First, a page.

Building Safety Act 2022: £18m remediation contribution order against developer

23rd January 2024

In a hugely significant case, the First Tier Tribunal (FTT) has made an £18million remediation contribution order against a developer, including waking watch costs, under the Building Safety Act 2022.

Whilst there have been a handful of decided cases under the Building Safety Act 2022 since it came into force in June 2022, Triathlon Homes LLP v Stratford Village Development Partnership & others is the first major case before the tribunal. The parties argued and the FTT decided a number of key points of principle for Remediation Contribution Orders and under the Building Safety Act 2022 more widely. Whilst the decision of the FTT will not be binding on future tribunals, it will carry significant weight and be highly persuasive in future cases.

Remediation contribution orders (“RCOs”) were introduced by s.124 of the Building Safety Act 2022 (“BSA”) in the wake of the Grenfell tragedy. Currently, they only apply in England, with the Welsh Government yet to enact its own legislation. They shift the cost burden of remediation works for certain building safety defects, most notably unsafe cladding on tall buildings, allowing remediation costs spent doing those works to be reimbursed by another party (usually the original developer or a landlord).

To make an RCO, the Tribunal must be satisfied that it is ‘just and equitable’ to do so.

Whilst there was no doubt that RCOs were introduced for the purpose of placing the responsibility for remediation costs on developers and landlords, it was not clear on the face of the statute whether RCOs could allow for the recovery of:

  • Any interim risk-reducing measures undertaken before the works, such as the use of a waking watch and installation of fire alarms; and/or
  • Any costs spent on remediation works prior to the commencement of the Building Safety Act 2022 and introduction of RCOs.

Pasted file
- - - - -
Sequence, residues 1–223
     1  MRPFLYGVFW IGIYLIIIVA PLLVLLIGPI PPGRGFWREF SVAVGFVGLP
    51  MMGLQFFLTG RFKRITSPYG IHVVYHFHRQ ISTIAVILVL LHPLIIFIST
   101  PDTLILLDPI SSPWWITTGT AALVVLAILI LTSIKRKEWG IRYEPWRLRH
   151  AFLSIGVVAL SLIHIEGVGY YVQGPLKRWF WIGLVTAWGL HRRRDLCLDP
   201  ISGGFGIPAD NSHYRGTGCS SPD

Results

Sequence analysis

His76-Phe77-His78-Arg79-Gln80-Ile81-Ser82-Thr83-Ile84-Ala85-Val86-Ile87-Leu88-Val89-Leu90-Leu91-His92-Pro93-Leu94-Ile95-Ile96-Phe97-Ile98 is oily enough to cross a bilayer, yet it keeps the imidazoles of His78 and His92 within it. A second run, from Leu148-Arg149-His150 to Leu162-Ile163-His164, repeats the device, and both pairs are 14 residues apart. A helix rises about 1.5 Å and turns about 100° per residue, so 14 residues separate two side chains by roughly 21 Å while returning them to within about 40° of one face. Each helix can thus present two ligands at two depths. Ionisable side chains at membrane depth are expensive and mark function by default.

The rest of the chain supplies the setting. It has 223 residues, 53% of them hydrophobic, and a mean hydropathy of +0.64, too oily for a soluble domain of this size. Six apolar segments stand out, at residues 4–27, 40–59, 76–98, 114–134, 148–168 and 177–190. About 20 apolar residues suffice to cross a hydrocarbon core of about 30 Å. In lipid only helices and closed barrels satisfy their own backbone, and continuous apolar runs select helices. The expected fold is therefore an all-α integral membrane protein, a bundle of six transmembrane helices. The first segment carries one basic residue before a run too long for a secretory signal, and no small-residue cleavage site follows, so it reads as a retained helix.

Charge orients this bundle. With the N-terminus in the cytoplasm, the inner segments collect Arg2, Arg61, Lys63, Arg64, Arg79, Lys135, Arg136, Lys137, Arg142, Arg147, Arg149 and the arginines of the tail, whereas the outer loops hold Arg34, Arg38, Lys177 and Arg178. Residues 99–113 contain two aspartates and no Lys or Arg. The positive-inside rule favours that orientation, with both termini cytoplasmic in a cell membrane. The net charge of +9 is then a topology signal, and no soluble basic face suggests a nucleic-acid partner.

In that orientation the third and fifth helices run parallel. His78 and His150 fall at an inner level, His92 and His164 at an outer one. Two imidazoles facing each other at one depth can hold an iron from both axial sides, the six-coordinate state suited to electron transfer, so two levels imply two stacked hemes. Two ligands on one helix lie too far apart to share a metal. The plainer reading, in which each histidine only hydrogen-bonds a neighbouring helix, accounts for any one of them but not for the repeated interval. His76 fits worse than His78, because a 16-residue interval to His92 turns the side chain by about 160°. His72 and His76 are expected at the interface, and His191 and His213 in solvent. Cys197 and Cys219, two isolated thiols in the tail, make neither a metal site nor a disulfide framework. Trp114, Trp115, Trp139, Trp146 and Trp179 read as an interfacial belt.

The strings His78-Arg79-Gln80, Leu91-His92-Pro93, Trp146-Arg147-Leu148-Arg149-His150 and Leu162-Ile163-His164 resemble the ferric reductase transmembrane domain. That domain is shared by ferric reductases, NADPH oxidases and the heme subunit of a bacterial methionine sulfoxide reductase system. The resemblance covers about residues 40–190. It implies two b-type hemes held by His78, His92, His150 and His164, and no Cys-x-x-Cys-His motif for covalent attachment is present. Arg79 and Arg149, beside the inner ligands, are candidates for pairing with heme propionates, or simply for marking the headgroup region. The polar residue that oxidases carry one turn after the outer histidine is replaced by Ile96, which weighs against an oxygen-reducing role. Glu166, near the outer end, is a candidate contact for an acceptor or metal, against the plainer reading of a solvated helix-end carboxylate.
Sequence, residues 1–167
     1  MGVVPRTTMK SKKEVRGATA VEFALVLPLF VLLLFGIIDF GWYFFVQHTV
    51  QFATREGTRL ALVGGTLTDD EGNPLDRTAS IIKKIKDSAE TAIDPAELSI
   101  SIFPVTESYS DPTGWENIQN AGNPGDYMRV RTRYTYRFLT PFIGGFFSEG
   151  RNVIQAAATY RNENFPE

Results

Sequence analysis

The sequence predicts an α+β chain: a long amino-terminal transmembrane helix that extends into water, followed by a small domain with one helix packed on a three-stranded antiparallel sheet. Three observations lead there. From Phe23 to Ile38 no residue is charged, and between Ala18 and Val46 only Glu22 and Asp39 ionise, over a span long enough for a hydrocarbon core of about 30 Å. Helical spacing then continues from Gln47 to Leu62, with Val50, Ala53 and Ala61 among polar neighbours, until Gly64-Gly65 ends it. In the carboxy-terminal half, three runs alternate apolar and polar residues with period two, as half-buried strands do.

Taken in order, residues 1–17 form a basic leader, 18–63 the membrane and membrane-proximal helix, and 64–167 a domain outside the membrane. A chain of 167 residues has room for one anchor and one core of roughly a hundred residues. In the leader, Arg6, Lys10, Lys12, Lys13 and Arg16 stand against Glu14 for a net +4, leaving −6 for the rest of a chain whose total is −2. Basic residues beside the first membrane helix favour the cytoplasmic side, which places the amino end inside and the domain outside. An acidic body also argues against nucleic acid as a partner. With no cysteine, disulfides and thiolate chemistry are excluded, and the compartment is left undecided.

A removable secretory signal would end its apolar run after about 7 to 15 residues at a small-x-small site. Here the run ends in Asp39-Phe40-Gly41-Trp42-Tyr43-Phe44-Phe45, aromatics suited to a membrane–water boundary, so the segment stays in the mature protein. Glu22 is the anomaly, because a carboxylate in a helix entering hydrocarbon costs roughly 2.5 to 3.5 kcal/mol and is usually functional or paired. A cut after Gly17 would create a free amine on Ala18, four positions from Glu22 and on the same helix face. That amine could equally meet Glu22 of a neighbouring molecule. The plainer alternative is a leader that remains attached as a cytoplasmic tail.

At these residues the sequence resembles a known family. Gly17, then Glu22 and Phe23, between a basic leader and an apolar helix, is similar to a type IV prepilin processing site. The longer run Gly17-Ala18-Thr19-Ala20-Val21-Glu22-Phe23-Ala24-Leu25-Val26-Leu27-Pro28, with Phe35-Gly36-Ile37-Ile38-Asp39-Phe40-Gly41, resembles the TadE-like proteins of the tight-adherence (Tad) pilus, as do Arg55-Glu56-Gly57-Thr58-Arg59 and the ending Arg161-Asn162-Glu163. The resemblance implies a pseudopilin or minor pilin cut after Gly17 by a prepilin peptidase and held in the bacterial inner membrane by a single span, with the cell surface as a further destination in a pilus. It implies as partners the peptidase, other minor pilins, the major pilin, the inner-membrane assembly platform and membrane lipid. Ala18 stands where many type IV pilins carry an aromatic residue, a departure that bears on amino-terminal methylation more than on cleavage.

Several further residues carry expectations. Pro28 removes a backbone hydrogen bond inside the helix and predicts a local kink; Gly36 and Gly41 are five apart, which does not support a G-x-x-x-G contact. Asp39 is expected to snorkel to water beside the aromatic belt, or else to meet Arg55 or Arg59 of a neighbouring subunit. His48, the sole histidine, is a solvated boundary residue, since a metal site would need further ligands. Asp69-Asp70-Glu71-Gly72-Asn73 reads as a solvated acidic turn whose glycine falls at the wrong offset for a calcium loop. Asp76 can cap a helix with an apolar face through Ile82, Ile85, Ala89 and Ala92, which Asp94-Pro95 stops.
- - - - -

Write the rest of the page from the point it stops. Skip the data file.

In its recent decision, the FTT has now confirmed that both those costs are in principle recoverable under an RCO. This is a much-welcomed decision for leaseholders and management companies who were facing uncertainty about how they may recover costs of interim measures such as waking watch, often mandated by local fire enforcement officers or brigades.

The decision will be equally welcomed by leaseholders in buildings which benefited from external funding from the government’s Building Safety Fund (BSF), a developer under the Pledge or a third-party such as NHBC and had secured funding for remedial works, but where temporary safety measures prior to the remedial works often fell outside the scope of the funding.


The application was made by Triathlon Homes LLP (TH), the co-owner of blocks of flats in the East Village, former home of athletes during the London 2012 Olympics and now turned into residential flats. The respondents were Stratford Village Development Partnership (SVDP), the developer, and Get Living Plc (GL), co-owner of blocks of flats and parent company of SVDP (together, the “Respondents”). A third respondent, East Village Management Limited (EVML), which had commissioned the remedial works, was joined to the application by the Tribunal and invited to participate but solely on the basis that Triathlon was seeking that the payment under the order was made to EVML. An oddity of the RCO process is that an applicant can seek an order that payment be made to a third party (for instance a leaseholder seeking an order that a management company receives payment).

TH was seeking the reimbursement of over £18mil. The bulk of this was remediation costs for works done to replace unsafe ACM cladding, inadequate cavity barriers and defective firestopping, but it also included interim fire safety measures and investigative and preparatory works.


The key issues were:

  • 1. Whether a RCO could be made for costs incurred before the commencement of the BSA 2022?
  • 2. Whether a RCO could be made for costs incurred for interim fire safety measures or other measures to prevent or reduce the severity of the building safety risks?
  • 3. Whether it would be ‘just and equitable’ for the Tribunal to make the RCO?

The Tribunal examined the issues one-by-one.

  • 1. Whether a RCO could be made for costs incurred before the commencement of the BSA 2022?

The Respondents argued that RCOs had been introduced when the BSA came into force on 28 June 2022. As a result, making a RCO for costs incurred before that date would give the BSA retrospective effect. The Respondents argued that the BSA was not sufficiently clear to have retrospective effect.